12 ravishingly beautiful aircraft of the Art Deco era (and one from far later)

The most beautiful flying machines were designed in an era that stretched from just before the Great War right into the middle of the last century, the age of Art Deco. Art Deco, with its bold and optimistic embrace of modernity was partly inspired by aeronautical design. The sleekest form of Art Deco, was Streamline Moderne, which luxuriated in the flowing uncluttered lines of aerodynamics. Did the influence go both ways? When faced with two equal design solutions, most aerodynamicists will go for the most beautiful (evidence for this can be found in correspondence between Messerschmitt and Blohm & Voss designers in Dan Sharp’s fascinating book on the Bv 155) and they will naturally carry some of the tastes of their time. The relationship between art and the art of machines was never more elegantly tangled than in this temps de l’amour (though of course this was also a time of great hate and cruelty). But in this time we find an integrity between visual art and the subject thereof that was scarce before and perhaps impossible in our fragmented, post-modern daze. Aircraft with ever higher metrics of performance took on a singular gift of the purest aesthetic form.  Their shapes exuded a power so seductive it came to be applied to pencil sharpeners, houses, desk fans, office buildings, cameras and canister vacuums and many other things that didn’t actually require streamlining.  Release yourself from the urgencies of the fragmented  digital time with this uplifting celebration of Art Deco and Streamline Moderne aeroplanes. As an added, calming, bonus most of these retro beauties were made solely for peaceful purposes.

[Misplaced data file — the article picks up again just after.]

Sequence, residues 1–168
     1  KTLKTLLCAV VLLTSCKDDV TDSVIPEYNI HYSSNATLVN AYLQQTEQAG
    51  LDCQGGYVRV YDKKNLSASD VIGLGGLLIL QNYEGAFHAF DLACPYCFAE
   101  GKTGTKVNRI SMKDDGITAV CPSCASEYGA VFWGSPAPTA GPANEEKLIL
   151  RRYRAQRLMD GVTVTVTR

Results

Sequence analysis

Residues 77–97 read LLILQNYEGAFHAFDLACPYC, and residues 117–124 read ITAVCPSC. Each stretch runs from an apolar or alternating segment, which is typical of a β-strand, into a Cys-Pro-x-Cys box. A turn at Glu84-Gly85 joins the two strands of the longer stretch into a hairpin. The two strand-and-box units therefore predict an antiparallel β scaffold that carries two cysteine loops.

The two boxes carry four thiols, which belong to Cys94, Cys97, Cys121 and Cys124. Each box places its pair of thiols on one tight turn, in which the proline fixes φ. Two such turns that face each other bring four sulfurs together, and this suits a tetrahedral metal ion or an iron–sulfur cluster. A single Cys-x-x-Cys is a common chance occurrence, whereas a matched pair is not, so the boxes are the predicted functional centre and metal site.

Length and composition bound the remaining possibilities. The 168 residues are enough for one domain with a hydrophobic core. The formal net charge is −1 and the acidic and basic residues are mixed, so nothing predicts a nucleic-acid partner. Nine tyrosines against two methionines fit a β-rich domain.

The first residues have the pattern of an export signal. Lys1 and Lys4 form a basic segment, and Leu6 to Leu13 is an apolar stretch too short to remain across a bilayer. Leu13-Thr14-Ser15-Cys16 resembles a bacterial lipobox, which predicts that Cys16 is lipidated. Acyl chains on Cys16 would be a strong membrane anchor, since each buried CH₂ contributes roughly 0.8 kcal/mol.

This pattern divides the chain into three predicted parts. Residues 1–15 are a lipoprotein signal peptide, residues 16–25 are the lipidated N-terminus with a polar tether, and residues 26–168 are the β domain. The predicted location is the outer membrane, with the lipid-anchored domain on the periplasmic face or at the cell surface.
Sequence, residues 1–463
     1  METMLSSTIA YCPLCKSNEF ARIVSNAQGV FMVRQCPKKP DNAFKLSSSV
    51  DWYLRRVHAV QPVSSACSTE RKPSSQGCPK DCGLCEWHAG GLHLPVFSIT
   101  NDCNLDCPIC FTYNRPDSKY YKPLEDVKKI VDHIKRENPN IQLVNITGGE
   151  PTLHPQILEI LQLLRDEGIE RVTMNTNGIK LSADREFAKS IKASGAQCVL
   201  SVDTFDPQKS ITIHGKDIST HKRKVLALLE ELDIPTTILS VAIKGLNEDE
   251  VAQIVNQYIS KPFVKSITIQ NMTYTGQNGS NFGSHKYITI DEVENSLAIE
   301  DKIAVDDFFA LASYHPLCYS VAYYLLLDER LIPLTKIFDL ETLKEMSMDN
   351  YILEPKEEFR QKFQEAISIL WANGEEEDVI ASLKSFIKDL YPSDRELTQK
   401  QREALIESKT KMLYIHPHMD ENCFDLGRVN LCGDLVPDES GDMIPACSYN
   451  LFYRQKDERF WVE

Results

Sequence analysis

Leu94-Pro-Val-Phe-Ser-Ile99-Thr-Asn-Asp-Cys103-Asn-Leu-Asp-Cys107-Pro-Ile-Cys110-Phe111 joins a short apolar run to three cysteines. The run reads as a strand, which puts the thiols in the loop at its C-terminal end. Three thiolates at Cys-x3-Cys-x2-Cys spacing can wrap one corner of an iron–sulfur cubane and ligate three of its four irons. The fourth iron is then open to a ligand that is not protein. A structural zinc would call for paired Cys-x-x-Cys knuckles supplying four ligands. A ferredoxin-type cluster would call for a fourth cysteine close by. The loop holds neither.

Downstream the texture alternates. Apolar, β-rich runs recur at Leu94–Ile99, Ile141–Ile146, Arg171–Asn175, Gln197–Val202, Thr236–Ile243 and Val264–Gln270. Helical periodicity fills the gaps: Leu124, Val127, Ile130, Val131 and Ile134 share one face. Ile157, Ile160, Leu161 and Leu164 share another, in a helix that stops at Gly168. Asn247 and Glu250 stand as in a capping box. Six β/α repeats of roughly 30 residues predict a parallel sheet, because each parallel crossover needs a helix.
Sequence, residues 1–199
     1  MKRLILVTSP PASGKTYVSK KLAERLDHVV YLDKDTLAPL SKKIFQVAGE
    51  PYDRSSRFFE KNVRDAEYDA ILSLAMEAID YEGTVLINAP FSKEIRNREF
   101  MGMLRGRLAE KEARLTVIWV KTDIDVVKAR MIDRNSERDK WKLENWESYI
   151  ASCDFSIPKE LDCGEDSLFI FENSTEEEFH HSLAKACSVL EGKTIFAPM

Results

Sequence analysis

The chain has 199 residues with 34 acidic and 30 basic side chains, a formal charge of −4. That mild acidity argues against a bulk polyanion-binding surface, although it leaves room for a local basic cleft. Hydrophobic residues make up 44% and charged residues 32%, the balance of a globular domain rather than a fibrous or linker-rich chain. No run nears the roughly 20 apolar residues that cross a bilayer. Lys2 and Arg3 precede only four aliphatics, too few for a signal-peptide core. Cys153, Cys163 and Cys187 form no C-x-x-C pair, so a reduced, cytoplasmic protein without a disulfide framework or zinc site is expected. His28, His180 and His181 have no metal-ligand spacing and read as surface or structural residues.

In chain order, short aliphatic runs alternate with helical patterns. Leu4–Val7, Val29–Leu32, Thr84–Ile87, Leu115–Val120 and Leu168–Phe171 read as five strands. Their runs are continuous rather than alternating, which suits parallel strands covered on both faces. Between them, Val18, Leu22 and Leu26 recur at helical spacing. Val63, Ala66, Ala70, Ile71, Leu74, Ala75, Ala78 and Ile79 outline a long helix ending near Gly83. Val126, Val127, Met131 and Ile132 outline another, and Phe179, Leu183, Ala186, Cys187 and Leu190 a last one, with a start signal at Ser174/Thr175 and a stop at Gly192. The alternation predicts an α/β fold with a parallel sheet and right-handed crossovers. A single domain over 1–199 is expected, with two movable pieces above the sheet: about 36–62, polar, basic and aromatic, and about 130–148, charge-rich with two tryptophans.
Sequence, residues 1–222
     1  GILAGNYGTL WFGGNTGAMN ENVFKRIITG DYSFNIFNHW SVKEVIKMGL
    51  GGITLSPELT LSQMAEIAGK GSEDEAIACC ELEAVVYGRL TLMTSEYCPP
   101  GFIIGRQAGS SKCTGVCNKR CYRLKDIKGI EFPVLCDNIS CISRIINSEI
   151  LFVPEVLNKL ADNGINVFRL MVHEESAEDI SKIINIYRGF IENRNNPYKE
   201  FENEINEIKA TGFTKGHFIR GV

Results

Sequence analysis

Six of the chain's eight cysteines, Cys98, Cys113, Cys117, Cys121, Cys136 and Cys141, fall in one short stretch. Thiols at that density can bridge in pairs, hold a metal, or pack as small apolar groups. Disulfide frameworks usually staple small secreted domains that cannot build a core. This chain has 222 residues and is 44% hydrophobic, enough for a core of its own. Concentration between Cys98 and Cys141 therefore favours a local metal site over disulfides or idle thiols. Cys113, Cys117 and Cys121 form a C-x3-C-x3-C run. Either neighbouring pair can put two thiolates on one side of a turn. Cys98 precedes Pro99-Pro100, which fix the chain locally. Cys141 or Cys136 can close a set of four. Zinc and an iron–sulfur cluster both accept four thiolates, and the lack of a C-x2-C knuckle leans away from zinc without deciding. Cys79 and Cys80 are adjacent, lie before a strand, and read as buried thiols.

12. Bechereau Deperdussin Monocoques

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These happy French chaps have no idea that they’ll probably all be digging a trench in about six months time. Bechereau’s racers were brilliant but he is best remembered for designing the superlative SPAD VII and XIII fighters.

Louis Bechereau’s racing masterpiece: this is the most important aircraft barely anybody ever talks about today, designed by arguably the most important aircraft designer of the Great War (who hardly anybody talks about today).  A flying machine to prove that heartbreaking bloodbaths are not necessarily a requirement for advancing our sense of style or our design and engineering skills.  So aerodynamically clean that the final monocoque, the 1913 Racer, was the first aircraft to handle 100-130 miles per hour speeds the way you and I might eat a sandwich.

Comparable pretty thing: Gee Bee R-1

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Fairey Fox Mk. VI

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Belgium is more famous for Art Nouveau but this Belgian Fairey Fox is pure Deco.

Here, to give us an example of what was becoming possible by the early thirties, is the last model of the Fairey Fox.  Late production Foxes embody the swift evolution into streamlining that took place as the 1930s, and Art Deco, progressed.  The junk-all-over-the place approach to wing design clashes with elegant wheel spats and a partially enclosed cockpit that encouraged ever higher speeds available from increasingly powerful engines.

Comparable pretty thing: Laird Super Solution

  1. Embraer Lineage 1000E

My pyjamas have stripes. My airplane has stripes. Embraer want the 1000e to appeal to the stripier executive.

Should Brazil have always been getting more credit for its aeronautical prowess in the English-speaking world?  Yes.

Do the speed stripes on the fuselage of this fifty million dollar regional jet turned elite personal transport make it look like a stale pinstripe blazer in a thrift shop?  Yes.